Joe O’Toole: Senate about to make a mockery of itself once again

It would be more democratic to hold a public raffle than hold a byelection

Far from being the valued second house of parliament as contemplated in our Constitution, the Seanad is once again a creature of political intrigue and artifice. Photograph: Tom Honan for The Irish Times

Far from being the valued second house of parliament as contemplated in our Constitution, the Seanad is once again a creature of political intrigue and artifice. Photograph: Tom Honan for The Irish Times

 

Down in the basement casino of Irish politics they are rolling up to the roulette wheel with a few seats in parliament as winners’ prizes.

The word is that Government parties are gift-wrapping a brace of Seanad Éireann seats for a couple of lucky, loyal supporters.

Far from being the valued second house of parliament as contemplated in our Constitution, the Seanad is once again a creature of political intrigue and artifice, with seats bartered, traded or gifted as chattels by our political leadership.

These arrangements will be presented as byelections in what must be the most meaningless of pseudonyms to describe nothing less than a smash and grab of parliamentary democracy.

There are seven candidates for the two seats up for grabs in this week’s byelection. Fianna Fáil and Fine Gael have put forward one each, Gerry Horkan and Maria Byrne – former senators who lost their seats at the last election. Both are expected to be elected on April 21st.

Labour has put forward two candidates, Angela Feeney and Ciarán Ahern. The Green Party chair, Hazel Chu, is running, as is an Independent, Billy Lawless. Ian Marshall, a unionist from Co Down who was asked to stand by the then taoiseach Leo Varadkar in a 2018 byelection, but was not re-elected in 2020, is also running. None are expected to win.

In real time, democracy is being reduced to a few sinecures and the intentions of our Constitution are being rubbished and ridiculed.

In purely academic terms, it would probably be more democratic to give out free tickets to the population at large and install the two winners as senators.

Unfortunately, most folk won’t take a blind bit of notice. Sure it’s only the politicians – what would you expect?

Regret

A few will express regret that the opportunity of a confidence-boosting display of maturity in accommodating a willing and able Northern unionist voice is being lost. That would be a genuine nod to the Belfast Agreement that the opinion formers and pundits might applaud, but in the realpolitik of the committee rooms the party number-crunchers will demand that “we look after our own”. Time enough to be nice to unionists in a United Ireland but for now the Belfast Agreement serves as useful lever or reference frame for international negotiations and speeches.

Some citizens will be appalled at this and surely some well-meaning folk will call for a group to be established to reform the Seanad.

Oh God, no! Please don’t.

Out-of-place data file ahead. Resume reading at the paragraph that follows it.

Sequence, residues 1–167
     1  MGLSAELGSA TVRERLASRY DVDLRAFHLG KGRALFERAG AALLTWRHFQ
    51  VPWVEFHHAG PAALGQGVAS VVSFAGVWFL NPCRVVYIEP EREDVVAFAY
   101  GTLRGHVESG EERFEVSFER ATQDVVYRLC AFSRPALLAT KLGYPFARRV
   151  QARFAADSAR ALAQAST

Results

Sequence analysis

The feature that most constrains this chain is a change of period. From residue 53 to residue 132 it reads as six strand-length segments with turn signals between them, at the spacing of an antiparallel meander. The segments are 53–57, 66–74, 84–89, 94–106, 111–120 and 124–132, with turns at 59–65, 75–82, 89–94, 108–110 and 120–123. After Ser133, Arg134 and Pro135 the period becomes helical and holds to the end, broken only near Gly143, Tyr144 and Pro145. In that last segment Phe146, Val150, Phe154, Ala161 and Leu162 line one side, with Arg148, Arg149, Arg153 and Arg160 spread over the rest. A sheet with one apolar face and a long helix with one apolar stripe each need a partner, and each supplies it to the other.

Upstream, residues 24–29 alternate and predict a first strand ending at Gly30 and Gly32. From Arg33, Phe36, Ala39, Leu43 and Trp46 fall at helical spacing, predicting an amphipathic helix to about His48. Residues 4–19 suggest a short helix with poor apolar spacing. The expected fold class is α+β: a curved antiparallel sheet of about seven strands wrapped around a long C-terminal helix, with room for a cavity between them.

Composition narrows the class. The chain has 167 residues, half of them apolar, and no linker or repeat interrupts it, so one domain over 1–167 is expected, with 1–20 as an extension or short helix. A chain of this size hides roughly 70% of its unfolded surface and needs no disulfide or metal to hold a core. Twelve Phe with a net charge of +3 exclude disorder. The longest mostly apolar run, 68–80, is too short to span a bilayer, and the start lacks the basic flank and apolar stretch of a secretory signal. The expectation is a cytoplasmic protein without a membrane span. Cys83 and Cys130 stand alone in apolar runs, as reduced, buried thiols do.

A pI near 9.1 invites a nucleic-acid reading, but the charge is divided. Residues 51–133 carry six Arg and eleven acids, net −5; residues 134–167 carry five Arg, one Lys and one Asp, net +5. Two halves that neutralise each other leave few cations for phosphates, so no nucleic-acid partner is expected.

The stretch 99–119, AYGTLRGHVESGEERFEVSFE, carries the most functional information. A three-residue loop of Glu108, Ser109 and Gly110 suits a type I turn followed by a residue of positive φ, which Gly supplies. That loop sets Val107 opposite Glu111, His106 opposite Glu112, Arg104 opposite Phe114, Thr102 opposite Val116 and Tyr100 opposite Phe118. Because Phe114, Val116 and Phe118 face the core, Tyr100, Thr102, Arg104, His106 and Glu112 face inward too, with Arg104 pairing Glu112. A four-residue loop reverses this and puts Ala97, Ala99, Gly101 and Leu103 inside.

Those apparent frown lines on my forehead are actually 13 notches – one for each Seanad reform body I served on over the years. There were good people on those bodies and they produced simple and implementable reports loaded with actionable recommendations. In the main they were applauded, well received and cheered on and fed into a national conversation for a short time.

They had universal approval outside the political elite and, publicly, our parliamentarians looked pained and cried out, “yes, let us reform the Seanad,” and our political leaders loudly agreed but privately they said: “Yes, we must surely reform it, but not yet!”

So it goes and nothing happens and the undemocratic, unrepresentative and anachronistic version of the second house of parliament continues.

Until the next time and once again people are outraged and enraged and demand action and a committee is formed and reports issue and Governments promise and the groundhog replication of yesterday plays out all over again.

In the meantime those hefty reports have proven most effective in holding the fire doors in the Taoiseach’s department jammed open.

Episode of Blackadder

The whole thing is closer to an episode of Blackadder than to democracy in action.

The electorate for the Seanad byelections are the 220 members of the Dáil and Seanad and the election is by secret ballot. They are mainly solid and decent but low-profile backbenchers. They are the fuel of the political engines and though they resent being led by the nose, unfortunately they are programmed to obey.

Nonetheless, without them the political leadership cannot function and it is very likely that most of them have little appetite for this proposed stitch-up.

This is their chance to call the shots and make a real difference.

They are the fulcrum on which the balance rests.

Now is the backbenchers’ moment to step over and tip it from “stitch-up” to democracy.

They can ensure a fair and free election process by insisting on the secrecy and choice that are the quintessential elements of a democratic ballot.

As public trust in the political system continues to diminish, a backbenchers’ revolt would reflect respect for our Constitution and restore some confidence in the political process.

Political sleight of hand is the last thing this country needs.

Joe O’Toole served for 25 years in Seanad Éireann

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